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Joseph Kennedy, once again, won't run for governor

With a jab at Governor Mitt Romney, Joseph P. Kennedy II yesterday declared he will not run for governor next year, an announcement that is sure to disappoint some Democrats seeking to reclaim the office but that gives other potential candidates a chance to begin laying the groundwork for their campaigns.

"I have no intention of running for governor," said Kennedy, the 52-year-old former Massachusetts congressman, who has been operating his nonprofit fuel assistance program since he gave up his seat in 1998. "I am not looking to get back into elective office."

"I am not trying to equivocate at all," Kennedy said, when pressed by reporters as to whether he has completely ruled out the possibility of jumping into the race at some point in the future. "You make these decisions about this issue and then you move on."

At a press conference in South Boston to tout a $15 million fuel-assistance bill before the Legislature, Kennedy said he was "happily doing my work" at Citizens Energy Corporation, was enjoying his lifestyle as a private citizen, and did not want to plunge back into public life.

For each gubernatorial race since 1990, the question -- would Kennedy run? -- has loomed over the Democratic Party's early primary campaigns, often freezing others from joining the races until he announced his decision.

Because of Kennedy's popularity and near-celebrity status, some leaders and activists in the Democratic Party, which has not won a governor's race in the Bay State since 1986, had hoped this year the answer would be yes, feeling that he represented their best chance to defeat Romney.

His comments came just hours after Attorney General Thomas F. Reilly, who is telling supporters he is committed to a race for governor, gave his first major campaign speech, in which he attacked Romney and his governing style.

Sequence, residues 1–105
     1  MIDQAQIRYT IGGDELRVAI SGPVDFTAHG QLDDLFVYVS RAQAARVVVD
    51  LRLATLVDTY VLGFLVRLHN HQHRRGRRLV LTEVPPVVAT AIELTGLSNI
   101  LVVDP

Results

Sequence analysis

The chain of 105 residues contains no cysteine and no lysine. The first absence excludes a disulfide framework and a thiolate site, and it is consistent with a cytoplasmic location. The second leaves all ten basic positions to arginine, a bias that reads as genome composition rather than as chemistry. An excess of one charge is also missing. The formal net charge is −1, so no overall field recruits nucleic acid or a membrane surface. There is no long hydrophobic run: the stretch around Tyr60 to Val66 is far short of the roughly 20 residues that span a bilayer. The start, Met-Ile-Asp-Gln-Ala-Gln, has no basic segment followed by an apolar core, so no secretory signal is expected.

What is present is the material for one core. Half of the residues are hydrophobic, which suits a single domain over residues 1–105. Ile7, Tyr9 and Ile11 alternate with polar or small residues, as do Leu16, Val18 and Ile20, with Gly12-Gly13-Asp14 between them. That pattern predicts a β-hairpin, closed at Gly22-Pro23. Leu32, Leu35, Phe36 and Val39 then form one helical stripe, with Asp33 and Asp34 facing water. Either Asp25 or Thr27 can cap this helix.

Reilly spoke to an overflow crowd at the Greater Boston Chamber of Commerce breakfast, rapping the governor for what he described as a divisive leadership style while avoiding direct disagreement with the governor's policies and even mention of his name.

At the South Boston event, Kennedy also tweaked Romney, saying he felt the governor, while appearing to be a "very decent, nice fellow," is not fully engaged in his job and is aloof to the problems of "vulnerable people" in society.

"He doesn't come across as engaged and as comfortable in the job as you might think after a couple of years," Kennedy said. "He basically does the job, and I just don't know how enthusiastically."

"I think it would be terrific, if there were events where some of the more vulnerable people . . . felt like there were issues that they could talk with him about," he said.

Kennedy said he had invited Romney to attend the press conference but the governor declined. "Yes, I am disappointed," he said.

He said the governor's absence at events like yesterday's fuel assistance press conference highlighted what he said is Romney's lack of commitment to the poor and the elderly.

"That's what's missing," he said. He noted the presence of three Democratic lawmakers -- state Senators Jack Hart of South Boston and Robert O'Leary of Barnstable, and state Representative Brian P. Wallace of South Boston -- who were pushing for the legislation.

Romney spokesman Eric Fehrnstrom said Romney appreciated the invitation to Kennedy's event but couldn't attend because he had a meeting at the Federal Reserve Bank with Boston Mayor Thomas M. Menino and business leaders to discuss how to bring more jobs to the state. Fehrnstrom also dismissed Kennedy's suggestion that Romney isn't fully engaged in his job.

"Mitt Romney is the most active, engaged, and results-oriented governor in recent Massachusetts history," he said. "Because of his leadership, the fiscal crisis has been solved, the unemployment rate has come down, and it's no longer business as usual on Beacon Hill."

Earlier in the day, Reilly attacked Romney's governing style.

Reilly told the chamber breakfast that Massachusetts has been unable to solve its problems because "too often there has been finger-pointing when there needs to be cooperation," and he criticized "politics that divide instead of bringing us together."

Ferhnstrom said the governor will be working with the Legislature in a bipartisan fashion on health care reform.

"The governor will do his job, and the attorney general should focus on doing his job, which is supposed to be winning cases in court," he said.

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